Moody’s warns Australia on budget and triple-A rating
The Turnbull government’s preference for spending cuts over policies aimed at revenue raising will make balancing the budget difficult, according to global ratings agency Moody’s, which warned that government debt would continue to climb and put pressure on the nation’s AAA-rating.
The warning comes after NAB and JPMorgan both cautioned this week that Australia’s AAA credit rating could be in jeopardy unless the government maintains fiscal restraint in the upcoming federal budget.
Moody’s senior vice president Marie Diron said Treasurer Scott Morrison’s focus on curbing spending to the exclusion of revenue raising measures meant the government’s target of a balanced budget by 2021 would make it unlikely to achieve.
“Given previous difficulties in reducing welfare benefits, actual spending cuts may be modest,” Ms Diron said.
“Moreover, Mr Morrison’s announcement excluded measures to raise revenues. Without such measures, limited spending cuts are unlikely to meaningfully advance the government’s aim of balanced finances,” she said.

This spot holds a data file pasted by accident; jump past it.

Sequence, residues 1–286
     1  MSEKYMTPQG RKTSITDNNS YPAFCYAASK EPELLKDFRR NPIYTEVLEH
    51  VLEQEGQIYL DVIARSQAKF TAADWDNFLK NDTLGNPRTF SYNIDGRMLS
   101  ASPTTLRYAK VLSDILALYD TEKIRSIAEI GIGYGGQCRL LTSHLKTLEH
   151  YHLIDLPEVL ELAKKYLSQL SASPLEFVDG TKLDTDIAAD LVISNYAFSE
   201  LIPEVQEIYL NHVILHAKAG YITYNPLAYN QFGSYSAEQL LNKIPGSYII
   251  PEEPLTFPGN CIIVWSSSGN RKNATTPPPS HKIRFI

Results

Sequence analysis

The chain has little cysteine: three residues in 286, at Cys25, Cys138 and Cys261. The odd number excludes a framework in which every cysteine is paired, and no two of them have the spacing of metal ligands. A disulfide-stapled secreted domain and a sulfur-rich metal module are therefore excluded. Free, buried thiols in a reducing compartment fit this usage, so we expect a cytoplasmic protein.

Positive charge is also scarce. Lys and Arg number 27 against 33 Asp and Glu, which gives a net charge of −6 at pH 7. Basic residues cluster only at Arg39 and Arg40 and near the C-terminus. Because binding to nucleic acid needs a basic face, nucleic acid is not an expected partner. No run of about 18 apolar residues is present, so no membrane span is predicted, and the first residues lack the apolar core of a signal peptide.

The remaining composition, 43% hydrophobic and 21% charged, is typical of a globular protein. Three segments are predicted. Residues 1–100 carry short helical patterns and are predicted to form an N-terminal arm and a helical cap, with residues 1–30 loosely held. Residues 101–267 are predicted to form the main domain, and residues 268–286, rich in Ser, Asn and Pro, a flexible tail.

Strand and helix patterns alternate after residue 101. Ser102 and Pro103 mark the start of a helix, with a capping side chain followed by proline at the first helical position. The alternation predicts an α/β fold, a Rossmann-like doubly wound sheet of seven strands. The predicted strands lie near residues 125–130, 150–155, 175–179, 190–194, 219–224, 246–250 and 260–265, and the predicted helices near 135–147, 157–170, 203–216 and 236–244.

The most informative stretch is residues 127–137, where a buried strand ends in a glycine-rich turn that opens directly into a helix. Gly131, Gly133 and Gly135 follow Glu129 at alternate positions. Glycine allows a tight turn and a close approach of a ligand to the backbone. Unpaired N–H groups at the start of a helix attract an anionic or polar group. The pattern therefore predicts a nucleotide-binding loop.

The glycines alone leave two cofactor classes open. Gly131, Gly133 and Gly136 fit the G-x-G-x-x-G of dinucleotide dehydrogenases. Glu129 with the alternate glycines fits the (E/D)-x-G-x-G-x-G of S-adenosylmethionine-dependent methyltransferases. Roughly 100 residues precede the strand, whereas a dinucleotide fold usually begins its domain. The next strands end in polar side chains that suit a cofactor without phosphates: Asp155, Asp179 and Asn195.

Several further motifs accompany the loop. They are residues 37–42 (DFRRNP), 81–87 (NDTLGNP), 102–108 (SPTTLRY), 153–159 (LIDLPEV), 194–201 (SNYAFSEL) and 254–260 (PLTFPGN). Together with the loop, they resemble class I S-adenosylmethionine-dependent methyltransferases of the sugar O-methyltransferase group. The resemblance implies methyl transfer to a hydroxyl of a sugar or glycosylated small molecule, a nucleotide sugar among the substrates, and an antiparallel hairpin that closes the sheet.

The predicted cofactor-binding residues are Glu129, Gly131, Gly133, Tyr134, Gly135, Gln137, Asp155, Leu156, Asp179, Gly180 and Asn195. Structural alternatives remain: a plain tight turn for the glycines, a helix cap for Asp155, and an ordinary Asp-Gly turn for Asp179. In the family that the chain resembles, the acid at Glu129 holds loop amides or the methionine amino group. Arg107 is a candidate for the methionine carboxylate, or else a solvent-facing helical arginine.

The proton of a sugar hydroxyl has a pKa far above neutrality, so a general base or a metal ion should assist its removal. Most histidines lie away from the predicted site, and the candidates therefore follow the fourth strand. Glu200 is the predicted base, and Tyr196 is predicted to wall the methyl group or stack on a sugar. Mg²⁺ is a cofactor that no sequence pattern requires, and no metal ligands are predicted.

This would see government debt continue to climb, which would be a “credit negative” for the country, Ms Diron said.
Australia’s government debt has ballooned to 35.1 per cent of GDP last year, up from just 11.6 per cent a decade earlier. Moody’s expects debt to increase to 38 per cent of GDP in the 2018 financial year.
Opposition treasury spokesman Chris Bowen seized on the Moody’s analysis as evidence that Labor was best placed to preserve the nation’s AAA credit rating.
“Tough decisions are necessary on revenue and spending. Labor has been leading the debate … on high income superannuation, on tobacco, on negative gearing, on capital gains tax,” Mr Bowen said.
and who are you moodys?
a ratings agency..so powerful..to control the ability to issue or deny AAA ratings..they want taxes raised..will the government obey?
or will they risk the AAA?
lets see who really has the power..
“Australia’s government debt has ballooned to 35.1 per cent of GDP last year, up from just 11.6 per cent a decade earlier. Moody’s expects debt to increase to 38 per cent of GDP in the 2018 financial year.”